"The Internet has brought an explosion of creative ideas which are still being developed. Today, the Internet carries much of the information created by man and that's increasing all the time with libraries around the world digitising their content and putting it online so that you're able to read Ibn Majid's poem Hawiya in your living room - even print off a copy. That's exciting and it's up to organizations such as KOM to spread that excitement and encourage people to log on and use the Internet," says Mohammed Al Maskari, KOM's Director General.
"I fully expect the Internet to become ever more personalised", suggests Karim Rahemtulla, CEO, Infocomm and a Digital Nation panelist. "It's all going to be about how you want to see it, what you need from it and what you can contribute to it. For example, development of an intelligent speech interface will mean you'll be able to search for information on a particular topic, analyse it, collate it and present bullets from the top ten most relevant sources. That kind of power is undoubtedly going to change how Oman-based citizens live, work, study and play."
From a business perspective, and according to KOM's Director General, the Internet has triggered a quantum leap in productivity and new possibilities. Today, Oman-based companies have unparalleled access to information. A few years ago you stood out from the crowd if you were on the Internet. Now you're out in the cold if you're not.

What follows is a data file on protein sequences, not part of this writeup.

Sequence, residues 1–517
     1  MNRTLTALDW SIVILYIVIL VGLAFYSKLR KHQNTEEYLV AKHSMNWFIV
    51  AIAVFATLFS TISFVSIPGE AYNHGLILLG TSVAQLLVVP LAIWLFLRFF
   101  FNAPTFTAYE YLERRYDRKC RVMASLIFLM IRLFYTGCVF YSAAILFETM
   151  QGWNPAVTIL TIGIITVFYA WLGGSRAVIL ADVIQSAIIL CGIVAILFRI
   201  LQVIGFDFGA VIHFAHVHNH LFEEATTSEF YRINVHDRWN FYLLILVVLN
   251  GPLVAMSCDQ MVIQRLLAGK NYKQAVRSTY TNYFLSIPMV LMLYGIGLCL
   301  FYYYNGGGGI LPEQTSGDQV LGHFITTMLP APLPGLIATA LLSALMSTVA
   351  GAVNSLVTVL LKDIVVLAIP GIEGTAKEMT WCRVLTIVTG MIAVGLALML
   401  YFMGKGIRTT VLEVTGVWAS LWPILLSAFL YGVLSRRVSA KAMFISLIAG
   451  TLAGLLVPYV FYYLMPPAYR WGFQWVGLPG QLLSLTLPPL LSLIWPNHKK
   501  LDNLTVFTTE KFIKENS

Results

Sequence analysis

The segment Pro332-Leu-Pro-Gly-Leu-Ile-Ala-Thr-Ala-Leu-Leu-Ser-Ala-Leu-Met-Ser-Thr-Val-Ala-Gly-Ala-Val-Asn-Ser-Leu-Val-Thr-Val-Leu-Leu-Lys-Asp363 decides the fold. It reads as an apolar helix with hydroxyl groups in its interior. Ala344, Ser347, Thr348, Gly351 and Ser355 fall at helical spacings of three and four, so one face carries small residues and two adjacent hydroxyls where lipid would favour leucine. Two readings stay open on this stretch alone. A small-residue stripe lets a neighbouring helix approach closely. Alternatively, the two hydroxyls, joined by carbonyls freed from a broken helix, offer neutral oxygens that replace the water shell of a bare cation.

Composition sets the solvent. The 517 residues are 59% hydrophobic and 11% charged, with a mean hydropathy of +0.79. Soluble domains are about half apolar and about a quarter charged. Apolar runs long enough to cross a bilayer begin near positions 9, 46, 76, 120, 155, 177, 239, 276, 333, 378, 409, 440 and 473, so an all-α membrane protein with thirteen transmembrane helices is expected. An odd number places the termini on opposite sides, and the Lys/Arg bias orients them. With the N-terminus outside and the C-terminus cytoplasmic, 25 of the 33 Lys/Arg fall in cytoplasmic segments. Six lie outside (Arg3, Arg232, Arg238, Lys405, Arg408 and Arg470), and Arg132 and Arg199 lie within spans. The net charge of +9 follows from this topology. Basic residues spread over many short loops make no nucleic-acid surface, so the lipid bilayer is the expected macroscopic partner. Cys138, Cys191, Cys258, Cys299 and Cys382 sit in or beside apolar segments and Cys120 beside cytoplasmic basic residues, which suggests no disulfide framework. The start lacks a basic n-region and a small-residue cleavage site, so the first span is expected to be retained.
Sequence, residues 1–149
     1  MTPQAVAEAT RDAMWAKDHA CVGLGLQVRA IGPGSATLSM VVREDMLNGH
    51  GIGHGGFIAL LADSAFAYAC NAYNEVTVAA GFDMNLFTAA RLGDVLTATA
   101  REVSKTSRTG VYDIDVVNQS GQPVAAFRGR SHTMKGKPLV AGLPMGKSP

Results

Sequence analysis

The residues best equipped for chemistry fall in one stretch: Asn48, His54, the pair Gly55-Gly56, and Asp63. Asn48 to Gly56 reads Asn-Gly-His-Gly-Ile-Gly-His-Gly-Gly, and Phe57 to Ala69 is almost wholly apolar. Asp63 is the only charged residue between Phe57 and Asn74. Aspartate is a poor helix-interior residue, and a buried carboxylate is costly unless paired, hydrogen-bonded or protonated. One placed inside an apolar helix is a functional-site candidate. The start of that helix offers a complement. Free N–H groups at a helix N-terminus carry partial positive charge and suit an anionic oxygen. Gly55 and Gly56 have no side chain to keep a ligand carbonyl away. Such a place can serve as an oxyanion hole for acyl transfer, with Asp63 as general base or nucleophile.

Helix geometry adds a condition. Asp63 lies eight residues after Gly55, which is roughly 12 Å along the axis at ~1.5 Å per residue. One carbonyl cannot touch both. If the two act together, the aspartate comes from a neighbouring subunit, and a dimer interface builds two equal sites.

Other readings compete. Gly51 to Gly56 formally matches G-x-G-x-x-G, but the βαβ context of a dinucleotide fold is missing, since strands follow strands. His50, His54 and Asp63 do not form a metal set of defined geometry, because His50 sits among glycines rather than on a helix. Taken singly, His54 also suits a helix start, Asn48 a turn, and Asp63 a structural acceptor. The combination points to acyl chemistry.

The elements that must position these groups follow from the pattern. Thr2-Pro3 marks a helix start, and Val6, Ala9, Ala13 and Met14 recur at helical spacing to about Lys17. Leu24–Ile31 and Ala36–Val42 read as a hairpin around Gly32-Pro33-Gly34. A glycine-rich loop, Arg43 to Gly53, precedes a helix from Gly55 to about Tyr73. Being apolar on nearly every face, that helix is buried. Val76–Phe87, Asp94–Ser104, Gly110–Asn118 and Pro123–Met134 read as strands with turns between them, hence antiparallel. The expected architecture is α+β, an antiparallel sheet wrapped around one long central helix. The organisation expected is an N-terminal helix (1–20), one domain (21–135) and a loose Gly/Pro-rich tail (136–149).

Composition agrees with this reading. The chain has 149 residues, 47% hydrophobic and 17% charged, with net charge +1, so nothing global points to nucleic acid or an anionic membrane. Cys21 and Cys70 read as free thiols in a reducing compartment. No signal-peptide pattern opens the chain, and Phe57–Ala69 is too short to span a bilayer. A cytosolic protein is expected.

"The Internet is changing lives," says KOM's Ibtisam Al Faruji. Indeed, it's radically transforming the way citizens and government communicate with each other and the newly-created ITA is leading the way on this front. "In the not too distant future, the Internet will be the main medium through which we live our lives. As long as connectivity options increase and get faster, we'll see the convergence of the web and audio visual media, to such an extent that the Internet will look more like TV than anything else."
But there are challenges with regard getting Oman-based citizens and firms interested in and using the Internet. "We're still lacking sufficient local content," remarks Al Maskari. However, research clearly demonstrates that the best way to get people learning about the Internet is to get them using it, and the best way to motivate them is to get them using it for something they're interested in. "Contrary to what a lot of people believe, the Internet isn't just about youngsters and techies, we can get older folk interested in the Internet by showing them how to use it to research their family's history, build a family tree and find old pictures of their town or village. At the other end of the age continuum, we can encourage teenagers to use the web using social sites such as isuf.co.om; www.youtube.com; www.myspace.com and Google's www.orkut.com. Parents can be encouraged to help their children with homework assignments by surfing the Internet for relevant information. It's amazing how motivated people become when they realize what the Internet offers them."
The Digital Nation seminar series (www.kom.om/ev.html) is free of charge and open to all. To register, e-mail your name and contacts to: Ibtisam@kom.om
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